The Orthodox community is overwhelmed by the financial burdens of yeshivah tuition. We’ve launched an initiative to find ways to help alleviate this enormous burden, and going forward, we will continue to make this a priority. Another focus will be campus work. When I visit college campuses around the country, I witness the extraordinary work of our Heshe and Harriet Seif Jewish Learning Initiative on Campus (JLIC) program, which not only reaches young men and women who are products of the yeshivah system, but also caters to those who are only now learning about the beauty and richness of Jewish life. The University of Massachusetts Amherst just joined JLIC this fall, bringing the program to a total of thirteen campuses across the United States, from New Haven to Los Angeles. Additionally, Johns Hopkins has signed up to begin next fall.

What we have accomplished using all forms of media—be it the Internet, radio or our publications—is immeasurable. Hundreds of thousands of people log on to our web site, and its companion,, each day to find anything from candle lighting times to recipes; from kashrut information to my radio show, “Around the Dining Room Table,” which features in-depth conversations with some of the most exciting personalities in the contemporary Jewish world. And the very magazine you are reading, Jewish Action, has reached even greater heights of excellence both in regard to content as well as graphic appeal. We will continue to pour resources into media with the goal of reaching even more people worldwide.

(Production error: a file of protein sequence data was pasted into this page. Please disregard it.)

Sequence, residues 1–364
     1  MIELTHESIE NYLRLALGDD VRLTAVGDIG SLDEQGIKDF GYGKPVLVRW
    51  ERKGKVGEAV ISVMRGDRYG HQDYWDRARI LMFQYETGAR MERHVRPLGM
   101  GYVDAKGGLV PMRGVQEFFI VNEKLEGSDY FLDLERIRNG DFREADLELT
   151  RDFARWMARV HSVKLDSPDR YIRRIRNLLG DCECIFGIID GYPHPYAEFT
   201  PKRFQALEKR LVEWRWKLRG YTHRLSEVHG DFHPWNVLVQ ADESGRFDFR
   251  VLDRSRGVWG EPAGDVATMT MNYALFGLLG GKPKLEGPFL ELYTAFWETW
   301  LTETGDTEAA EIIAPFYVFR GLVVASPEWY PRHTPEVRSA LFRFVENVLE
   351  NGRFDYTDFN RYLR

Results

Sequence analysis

One of our latest initiatives involves kashrut education. OU Kashrut, the world’s most respected name in kosher supervision, is reaching out to teach students and consumers about the complexities of kashrut in the modern world, thanks to the support of the Henriette and Gustave Jacobs Chair in Kashrut Education and the Harry H. Beren Foundation.

Additionally, we must continue to provide services to those smaller Jewish communities that find themselves isolated. We will work to develop programs that will not only serve them serve these communities but will help them communities grow.

Among the great challenges ahead, Israel looms large. We have made a commitment to embark upon a major kiruv initiative there. With our remarkably successful track record in North America, we now must use our outreach expertise to present traditional Judaism to Israelis, many of whom have never even stepped into a shul. Our first returns in this area are very promising.

Exciting times lie ahead. While we may not accomplish all of our goals, it won’t be for lack of trying.

When I attempt to clarify the mission of the OU to myself, I cannot help but think back to the Yachad family Shabbaton at which I was asked to speak unexpectedly. As I stood at the podium and looked around the large room, I saw hundreds of Yachad members, their parents and siblings, sitting all together, and suddenly I realized that this was exactly the OU’s mission statement: No Jew will be left behind, the phrase made popular by singer Avraham Fried. We will deal with every Jew in every situation, whether in a small Jewish community or a large one; whether in Israel, North America, the Ukraine or elsewhere in the Diaspora. We will continue to strive to meet our new goals and objectives as well as those that have defined the OU over the last century. I pray that with God’s help, the next two years will be as fruitful as the preceding ones.